Conversation: Julian Howard and Alleyn Wallace
Jul. 18th, 2007 @ 12:26 pm
I turn to look at him and nod. "Thank you. I - I need to go to Golders Green." I pull out of his embrace and attempt to be a bit more businesslike, taking some writing paper and a pen from the desk in the corner. "Please put down your address. I'd rather not discuss future employment prospects before your current employer. It's not that I want to hustle you out the door, it's just - I need to go to Golders Green."
I watch him in silence for a moment before bending over the paper he has handed me. "I'm giving you both addresses, studio and flat" I say as I write. "I think that you'll be more likely to find me at the studio... I don't believe I'll be wanting to spend much time in my flat. And the studio is safer, anyway."
I finish writing and take my eyes off the page. He is standing about halfway across the room, watching me; he looks all at loose ends. I hand the paper back to him in silence, unable to think of a thing to say.
"Thank you." I lay the paper on my dining table. "I'll - er - walk you out. Need to go to Euston, catch the tube." I take my coat from the the hook and realise he is still wearing my jacket. "And you need your clothes back." I hang my coat back up, retrieve his tails from the bedroom. "Your tie is in the pocket." I hand it to him.
"This would be loads easier if David were here," I burst out - that's certainly a non sequitur. "He had all the useful connections for you. And other than falling in love with me, he had a knack for staying sane that I never fully mastered. If I had done, I'd have a wife and an inky office job by now. So I suppose that's for the best, but he would have had much better advice for you."
I stand to receive my clothes and am half out of his jacket when his words make me stop. I look over at him.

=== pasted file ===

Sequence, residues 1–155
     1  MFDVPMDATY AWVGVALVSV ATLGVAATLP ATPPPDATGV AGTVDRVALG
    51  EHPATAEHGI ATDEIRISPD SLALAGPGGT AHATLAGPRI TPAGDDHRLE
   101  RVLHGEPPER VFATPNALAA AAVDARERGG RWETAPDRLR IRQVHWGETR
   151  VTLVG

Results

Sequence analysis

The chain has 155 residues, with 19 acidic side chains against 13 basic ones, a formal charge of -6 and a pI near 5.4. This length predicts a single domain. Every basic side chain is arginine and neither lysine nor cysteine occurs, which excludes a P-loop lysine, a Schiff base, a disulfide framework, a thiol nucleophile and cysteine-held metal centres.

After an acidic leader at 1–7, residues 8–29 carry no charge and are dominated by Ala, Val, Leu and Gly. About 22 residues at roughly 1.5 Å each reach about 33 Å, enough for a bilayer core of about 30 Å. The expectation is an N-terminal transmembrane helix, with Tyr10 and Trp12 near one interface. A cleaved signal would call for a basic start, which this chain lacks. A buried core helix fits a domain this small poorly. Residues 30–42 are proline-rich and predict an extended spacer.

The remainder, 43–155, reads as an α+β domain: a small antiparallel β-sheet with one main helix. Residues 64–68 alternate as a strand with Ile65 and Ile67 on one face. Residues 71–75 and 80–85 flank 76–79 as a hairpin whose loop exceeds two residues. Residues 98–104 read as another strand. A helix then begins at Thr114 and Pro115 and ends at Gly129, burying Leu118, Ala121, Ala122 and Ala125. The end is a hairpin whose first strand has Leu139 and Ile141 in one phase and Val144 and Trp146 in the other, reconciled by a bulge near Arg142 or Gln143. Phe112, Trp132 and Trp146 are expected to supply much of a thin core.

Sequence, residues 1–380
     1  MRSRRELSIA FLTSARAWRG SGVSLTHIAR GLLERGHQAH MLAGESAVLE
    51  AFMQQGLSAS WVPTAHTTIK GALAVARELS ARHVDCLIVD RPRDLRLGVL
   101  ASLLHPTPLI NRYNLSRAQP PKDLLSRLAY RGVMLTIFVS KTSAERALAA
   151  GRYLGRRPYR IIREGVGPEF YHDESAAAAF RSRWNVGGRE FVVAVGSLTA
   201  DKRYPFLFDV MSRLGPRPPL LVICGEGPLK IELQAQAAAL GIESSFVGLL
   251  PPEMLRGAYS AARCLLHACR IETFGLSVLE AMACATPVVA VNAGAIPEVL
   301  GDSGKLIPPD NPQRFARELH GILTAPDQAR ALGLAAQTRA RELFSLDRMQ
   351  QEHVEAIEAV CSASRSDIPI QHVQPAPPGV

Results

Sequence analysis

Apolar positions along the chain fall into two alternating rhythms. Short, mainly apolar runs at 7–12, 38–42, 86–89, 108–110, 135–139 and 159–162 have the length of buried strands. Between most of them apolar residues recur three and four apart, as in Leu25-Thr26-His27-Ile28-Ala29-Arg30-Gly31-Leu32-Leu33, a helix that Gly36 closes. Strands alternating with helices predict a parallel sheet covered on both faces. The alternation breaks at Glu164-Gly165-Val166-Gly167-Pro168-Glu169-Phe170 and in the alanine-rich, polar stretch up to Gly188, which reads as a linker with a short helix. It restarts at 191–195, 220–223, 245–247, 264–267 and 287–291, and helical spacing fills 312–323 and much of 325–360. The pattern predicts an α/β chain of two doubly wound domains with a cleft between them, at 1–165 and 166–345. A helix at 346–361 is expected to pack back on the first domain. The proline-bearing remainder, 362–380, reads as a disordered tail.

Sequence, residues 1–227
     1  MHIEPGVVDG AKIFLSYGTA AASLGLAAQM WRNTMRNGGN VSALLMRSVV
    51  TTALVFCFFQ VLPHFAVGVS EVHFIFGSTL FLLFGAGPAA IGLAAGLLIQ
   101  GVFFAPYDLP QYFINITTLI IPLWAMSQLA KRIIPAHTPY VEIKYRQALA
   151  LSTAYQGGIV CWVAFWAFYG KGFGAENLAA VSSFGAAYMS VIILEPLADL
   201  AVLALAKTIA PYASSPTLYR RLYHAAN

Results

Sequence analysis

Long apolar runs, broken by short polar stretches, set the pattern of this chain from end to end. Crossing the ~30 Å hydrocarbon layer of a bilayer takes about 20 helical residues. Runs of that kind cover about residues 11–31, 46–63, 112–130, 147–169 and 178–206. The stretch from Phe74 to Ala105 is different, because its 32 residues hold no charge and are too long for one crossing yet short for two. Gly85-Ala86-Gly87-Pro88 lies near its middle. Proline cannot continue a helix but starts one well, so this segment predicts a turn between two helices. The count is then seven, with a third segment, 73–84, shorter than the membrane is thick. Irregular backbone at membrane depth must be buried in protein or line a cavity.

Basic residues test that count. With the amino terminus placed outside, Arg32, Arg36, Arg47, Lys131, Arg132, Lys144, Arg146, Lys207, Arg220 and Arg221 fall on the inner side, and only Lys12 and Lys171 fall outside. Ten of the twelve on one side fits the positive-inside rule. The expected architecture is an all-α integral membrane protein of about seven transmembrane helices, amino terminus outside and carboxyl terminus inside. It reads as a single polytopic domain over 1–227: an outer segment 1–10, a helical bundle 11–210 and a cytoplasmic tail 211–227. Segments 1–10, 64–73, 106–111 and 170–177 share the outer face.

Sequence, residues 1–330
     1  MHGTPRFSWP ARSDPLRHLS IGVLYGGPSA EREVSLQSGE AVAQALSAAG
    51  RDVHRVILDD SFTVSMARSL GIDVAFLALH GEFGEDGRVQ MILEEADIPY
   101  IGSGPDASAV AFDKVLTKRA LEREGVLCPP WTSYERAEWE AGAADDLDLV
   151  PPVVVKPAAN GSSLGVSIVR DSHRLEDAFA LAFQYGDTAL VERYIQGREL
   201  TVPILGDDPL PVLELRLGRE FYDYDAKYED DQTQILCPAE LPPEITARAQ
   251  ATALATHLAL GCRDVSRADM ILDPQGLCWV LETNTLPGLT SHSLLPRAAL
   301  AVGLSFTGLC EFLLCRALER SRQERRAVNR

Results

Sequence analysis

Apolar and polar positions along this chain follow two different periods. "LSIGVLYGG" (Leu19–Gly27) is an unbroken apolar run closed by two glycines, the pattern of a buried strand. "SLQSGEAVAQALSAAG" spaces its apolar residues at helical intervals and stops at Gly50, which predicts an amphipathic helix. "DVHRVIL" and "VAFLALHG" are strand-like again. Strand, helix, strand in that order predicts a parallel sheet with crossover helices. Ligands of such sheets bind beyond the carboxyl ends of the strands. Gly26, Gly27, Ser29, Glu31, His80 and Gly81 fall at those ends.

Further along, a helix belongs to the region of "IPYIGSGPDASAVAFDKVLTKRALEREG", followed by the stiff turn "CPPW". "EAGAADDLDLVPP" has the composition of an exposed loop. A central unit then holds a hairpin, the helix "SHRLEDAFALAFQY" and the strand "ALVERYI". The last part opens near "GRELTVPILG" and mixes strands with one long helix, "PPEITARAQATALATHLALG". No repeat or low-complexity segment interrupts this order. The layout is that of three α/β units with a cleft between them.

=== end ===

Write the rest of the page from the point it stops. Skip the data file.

"I'm sorry he's not," I say. "I would have liked to meet him. But
you sell yourself short, Alleyn. Your advice has been perfect - and you are sane enough for me. Even if that isn't saying much."
I look down as I shrug off his jacket and pick mine up. "Just think," I say towards my shoes, "With me as your friend, you can seem far more skilled at staying sane by comparison." I pause and then look up, momentarily enlightened. "I think that may be what I meant last night when I said you are braver than I am. I did say that, didn't I?"
I can't help smiling. "You are mad. Bravery and sanity are opposites for men of our sort. The sane thing to do is always to find an inky office job and a profoundly boring wife and spend your dreary existence in hiding. The brave thing to do is to live. David kept at Rothschild in an attempt to split the middle. And until me, he gave in to his illegal urges only when in Europe. Him having the balls to tell me he loved me was the bravest thing I'd ever seen, from him or anyone. Him agreeing with my suggestion that we rent a house together was about the maddest thing I've ever seen." I slip my diary into my coat pocket and lock the door behind us. "No, bravery and sanity are hardly the same thing at all. It's accepting the madness that keeps us seeming sane. But then, I think everyone is rather in that position these days. They aren't exactly the easy Victorian times of childhood, are they? Well, you wouldn't know, you're too young, Edwardian through and through."
Out in the Gray's Inn Road, I ask, "Where are you headed? Nearest tube is Kings Cross, that'll get you Metropolitan, City and South london, and Piccadilly Railways; I'm headed over to Euston to pick up Hampstead." The wind has picked up - quite cold for going out to a cemetery today, but we do what we must.
I pull a face. "I am no good at this. But... oh... I need Piccadilly! Yes. Lord, I'm dull today." I shake my head and shiver a little. We are getting close already, and there are people about everywhere despite the cold. I look over at him as we walk; he is gazing straight ahead. "Alleyn," I say, getting his attention. "I've already said it a thousand times, but... Thank you."
I stop when he thanks me. I am painfully aware of my own behaviour and of the number of people out and about. I offer my hand. "I'll say goodbye to you here. There's no need to thank me. I'll talk to Tamara when I get the chance." My own voice sounds false in my ears - it's the acting voice, I can hear it. Projection. Displaying the business-like nature of the exchange to everyone around. And that makes me feel even worse.
I take his hand and we shake. It all feels almost unreal; everything that existed in his home is gone, either hidden or flown completely. - on another day I would possibly be able to tell the two apart. I try to resist my urge to stare into his eyes, looking for answers.
"Well," I say quietly. "Goodbye, then."